HOOVER, Ala. (AP) — The Southeastern Conference’s four new head coaches inherit very different situations but sport the standard new regime optimism.
Tennessee’s Josh Heupel is trying to rescue a proud program whose struggles now include an NCAA investigation into potential recruiting violations. Vanderbilt’s Clark Lea returned to his alma mater after the Commodores failed to win a game. Auburn’s Bryan Harsin shed his Boise State roots for the SEC and the Southeast. South Carolina’s Shane Beamer, like Lea, is a first-time head coach, but he's the son of a highly successful one.
They all spent SEC media days — and much of the offseason — touting their programs’ potential and-or tradition.
Heupel was hired in late January amid an NCAA probe after the firing of Jeremy Pruitt for cause when an internal investigation uncovered serious rules violations. A number of key players bolted during all the turmoil.
But Heupel is focusing on the history and promise of the Volunteers program.
“This is one of the great and iconic logos in all of college football, steeped in tradition,” the former UCF coach and Oklahoma quarterback said. “It’s a great honor to be the caretaker of Tennessee football at this time and really proud of what our players and our staff have done in six months.”
Heupel, who joined former UCF athletic director Danny White in Knoxville, went 28-8 in three seasons at their former school.
The Vols haven’t won the SEC East title since 2007. Heupel’s UCF offense ranked second nationally last season, stirring some excitement among offensive players like wide receiver Velus Jones.
Heupel’s personality has also won over Jones.
“He really interacts with the players a lot, always around us, whether it’s like tossing the football or coming in the weight room, checking on us, asking us about our personal lives,” the Tennessee receiver said. “Like he’s just an amazing guy. He’s always involved, he’s always around, you’re always seeing his face, so he’s a really likable guy.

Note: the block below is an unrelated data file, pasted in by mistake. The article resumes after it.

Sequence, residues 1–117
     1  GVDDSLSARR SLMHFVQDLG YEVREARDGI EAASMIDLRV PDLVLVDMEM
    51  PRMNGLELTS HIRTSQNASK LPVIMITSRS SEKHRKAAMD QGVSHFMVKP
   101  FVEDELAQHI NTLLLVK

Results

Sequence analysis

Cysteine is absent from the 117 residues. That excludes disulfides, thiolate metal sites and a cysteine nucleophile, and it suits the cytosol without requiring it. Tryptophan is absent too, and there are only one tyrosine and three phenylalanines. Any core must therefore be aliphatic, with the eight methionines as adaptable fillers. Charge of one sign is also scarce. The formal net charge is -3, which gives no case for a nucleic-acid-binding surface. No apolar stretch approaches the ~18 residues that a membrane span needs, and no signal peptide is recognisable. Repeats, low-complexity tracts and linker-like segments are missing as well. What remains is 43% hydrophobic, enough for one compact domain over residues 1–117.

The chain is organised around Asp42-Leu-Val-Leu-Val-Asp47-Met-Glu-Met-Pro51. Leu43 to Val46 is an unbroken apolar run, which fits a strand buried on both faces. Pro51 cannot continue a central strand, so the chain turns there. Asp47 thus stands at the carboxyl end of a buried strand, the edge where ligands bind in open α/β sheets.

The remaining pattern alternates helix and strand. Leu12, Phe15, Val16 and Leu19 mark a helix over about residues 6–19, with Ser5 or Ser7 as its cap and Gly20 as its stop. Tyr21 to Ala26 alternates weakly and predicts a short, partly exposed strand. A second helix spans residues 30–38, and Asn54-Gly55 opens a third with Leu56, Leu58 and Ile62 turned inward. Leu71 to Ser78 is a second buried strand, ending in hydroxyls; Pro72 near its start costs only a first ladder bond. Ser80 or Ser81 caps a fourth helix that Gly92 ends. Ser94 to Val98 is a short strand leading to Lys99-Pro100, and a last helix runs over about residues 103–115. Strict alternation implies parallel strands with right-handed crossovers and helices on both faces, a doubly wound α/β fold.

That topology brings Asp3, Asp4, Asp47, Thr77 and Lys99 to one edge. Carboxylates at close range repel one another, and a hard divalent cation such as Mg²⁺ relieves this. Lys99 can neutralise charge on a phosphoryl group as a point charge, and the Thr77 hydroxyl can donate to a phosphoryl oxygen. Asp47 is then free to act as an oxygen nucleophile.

“I’m so proud to go to war for that man this fall.”
Auburn's Harsin replaces Gus Malzahn, who was paid a $21.5 million buyout following a 6-5 season but never had a losing record. Harsin was 69-19 in seven seasons at Boise State, winning at least nine games in every full season and three outright Mountain West Conference titles.
He'll have to compete against defending national champion and in-state rival Alabama.
“As a football coach, when you come into the facility you have 250 people at a place like this, and we’re all charging towards one goal,” Harsin said. “We want to win championships. We want to get better every single day. All the things you hear from every single coach that’s been up here and has talked.”
Harsin plucked two of Beamer's new assistants from South Carolina, offensive coordinator Mike Bobo and offensive line coach Will Friend.
The 49-year-old Beamer's father, Frank, was a longtime head coach at Virginia Tech. The younger Beamer is coming off a stint as Oklahoma's assistant head coach. He insists the Gamecocks have everything in place to build a championship-caliber program, and that he wants to put down some roots.
“My wife and I bought a house. We haven’t moved in. We’re renovating it,” Beamer said. “We’re still living in a condo 100 yards from my office. So all I do is wake up early each morning and go into that facility, and I can’t wait to get to work each day and move this program forward and try and make this program better.”
Lea finished his college career as a fullback at Vandy from 2002-04. The Nashville native spent the past two seasons as Notre Dame's defensive coordinator.
The Commodores went 0-9 last year and haven't had a winning season since 2013. Lea knows taking over a rebuilding job is hardly unique in coaching.
“But what is unique to us is the history that our players have experienced within the program,” he said. “The challenge of holding people to different standards and expectations in the same spaces that they occupied before is real. Everything they confront needs to be different, and we can’t be afraid to be drastically different.”
Missouri’s Eliah Drinkwitz, one of four second-year SEC head coaches, had some words of caution for his newest counterparts.
“There’s eight new head coaches in the last two years,” Drinkwitz said. “It’s not for the faint of heart. Be careful what you wish for.”
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